Spring 2010: Tax Credits for Employers


Download This Issue in .pdf Format

HIRE Act
The federal Hiring Incentives to Restore Employment (HIRE) Act gives employers a tax benefit for hiring previously unemployed workers. This Act effectively exempts the employer from paying the 6.2% FICA tax normally paid by the employer for wages paid after March 18, 2010 through December 31, 2010 for every qualified employee hired after February 3, 2010 and before January 1, 2011. The newly hired employee must certify (sample form attached) that he/she was either unemployed in the 60 days prior to hire or was working less than 40 hours a week for someone else during that period. The new hire must fill a new position or replace an employee who quit voluntarily or for cause. The tax benefit is eligible to the employer for re-hires if the employee otherwise meets the qualification requirements (has been out of work or working part-time elsewhere for at least 60 days). The reduction in taxes paid by the employer has no effect on the future social security benefit for the employee.

The employer can take the credit beginning with the tax filing (941 – draft form attached) for the second quarter of 2010. [The credit for the period from March 19 – 31 of the first quarter can be included with the second quarter filing.]

An additional retention credit is available to employers who retain a qualified employee for 52 consecutive weeks. Those employers are eligible for another general business credit of 6.2% of all wages paid in the year to the new employee with a maximum credit of $1000. This credit is to be taken on the employer’s 2011 tax return.

Federal Extension of COBRA/Unemployment Benefits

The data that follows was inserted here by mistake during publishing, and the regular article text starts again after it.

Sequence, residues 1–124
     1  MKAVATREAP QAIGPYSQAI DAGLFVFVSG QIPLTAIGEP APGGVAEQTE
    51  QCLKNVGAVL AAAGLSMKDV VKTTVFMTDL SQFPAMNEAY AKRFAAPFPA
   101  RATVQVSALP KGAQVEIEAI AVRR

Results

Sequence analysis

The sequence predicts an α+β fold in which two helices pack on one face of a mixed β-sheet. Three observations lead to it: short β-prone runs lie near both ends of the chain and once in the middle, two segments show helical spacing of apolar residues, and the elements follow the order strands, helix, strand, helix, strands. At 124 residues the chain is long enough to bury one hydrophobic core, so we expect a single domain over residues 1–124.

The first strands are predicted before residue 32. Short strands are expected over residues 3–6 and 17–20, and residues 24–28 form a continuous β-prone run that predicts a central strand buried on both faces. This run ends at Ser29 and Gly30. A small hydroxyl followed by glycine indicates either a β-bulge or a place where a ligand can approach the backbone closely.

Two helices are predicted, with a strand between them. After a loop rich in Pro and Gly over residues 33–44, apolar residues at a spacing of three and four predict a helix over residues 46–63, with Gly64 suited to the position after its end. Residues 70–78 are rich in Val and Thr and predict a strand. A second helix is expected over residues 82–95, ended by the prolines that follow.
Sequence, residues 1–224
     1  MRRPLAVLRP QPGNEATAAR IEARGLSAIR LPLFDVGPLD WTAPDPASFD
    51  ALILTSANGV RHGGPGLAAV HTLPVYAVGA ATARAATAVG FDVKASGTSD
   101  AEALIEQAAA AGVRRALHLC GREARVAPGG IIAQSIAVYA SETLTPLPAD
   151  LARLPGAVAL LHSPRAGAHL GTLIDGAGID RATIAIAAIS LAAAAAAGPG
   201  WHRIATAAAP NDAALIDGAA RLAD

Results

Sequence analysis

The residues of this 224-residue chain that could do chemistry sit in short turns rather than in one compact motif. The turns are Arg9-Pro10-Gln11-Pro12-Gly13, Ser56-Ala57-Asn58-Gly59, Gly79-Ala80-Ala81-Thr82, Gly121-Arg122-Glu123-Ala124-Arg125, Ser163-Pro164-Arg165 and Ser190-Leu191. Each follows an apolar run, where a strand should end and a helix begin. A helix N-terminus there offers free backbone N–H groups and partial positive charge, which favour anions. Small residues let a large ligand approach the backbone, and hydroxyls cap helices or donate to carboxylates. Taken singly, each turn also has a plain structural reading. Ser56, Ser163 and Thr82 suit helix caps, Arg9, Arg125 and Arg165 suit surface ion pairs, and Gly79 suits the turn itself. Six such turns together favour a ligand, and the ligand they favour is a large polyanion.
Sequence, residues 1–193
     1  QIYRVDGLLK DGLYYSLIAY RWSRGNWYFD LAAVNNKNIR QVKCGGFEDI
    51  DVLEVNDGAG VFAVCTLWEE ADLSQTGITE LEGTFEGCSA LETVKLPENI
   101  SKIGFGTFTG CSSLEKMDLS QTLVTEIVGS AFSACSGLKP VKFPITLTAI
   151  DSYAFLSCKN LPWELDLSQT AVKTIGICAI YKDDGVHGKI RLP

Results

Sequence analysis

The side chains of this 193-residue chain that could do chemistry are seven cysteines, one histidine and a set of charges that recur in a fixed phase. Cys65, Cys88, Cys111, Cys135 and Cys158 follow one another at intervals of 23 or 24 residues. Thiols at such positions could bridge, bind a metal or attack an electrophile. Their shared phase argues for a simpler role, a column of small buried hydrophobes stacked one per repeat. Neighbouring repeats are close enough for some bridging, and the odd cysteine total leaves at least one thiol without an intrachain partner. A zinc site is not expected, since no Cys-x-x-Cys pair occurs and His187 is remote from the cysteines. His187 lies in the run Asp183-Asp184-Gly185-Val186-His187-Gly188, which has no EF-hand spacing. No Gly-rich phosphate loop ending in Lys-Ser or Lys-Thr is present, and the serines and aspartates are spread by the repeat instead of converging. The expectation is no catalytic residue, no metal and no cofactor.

Federal unemployment benefits have been extended through June 2, 2010. Additionally, the COBRA subsidy has been extended to cover individuals who have lost their jobs through May 31, 2010.

Small Business Health Insurance Credit
This credit, which is part of the comprehensive federal health care reform legislation, can be taken on the employer’s 2010 tax return. A small employer, defined as an employer who has fewer than 25 full-time equivalent (FTE) employees paying wages averaging less than $50,000 per employee per year, is eligible to receive a credit (up to a maximum of 35% for employers with 10 or fewer FTE employees paying annual average wages of $25,000 or less) for health care insurance premiums paid by the employer in 2010. [Tax-exempt employers are allowed a maximum credit of 25% of premiums paid.]

The number of an employer’s FTEs is determined by dividing (1) the total hours for which the employer pays wages to employees during the year (but not more than 2,080 hours for any employee) by (2) 2,080. The result, if not a whole number, is then rounded to the next lowest whole number. Seasonal employees who work 120 days per year or less are excluded from this calculation.

The employee must be enrolled in health care coverage offered by the employer for which the employer pays not less than 50% of the premium cost of the coverage for the employee. The amount of the credit is capped based on the average premium for the small group market in the State.

For further assistance on these issues, contact Jeanne Flaherty or Lynn Ryder at Employer’s Legal Advisor, Inc.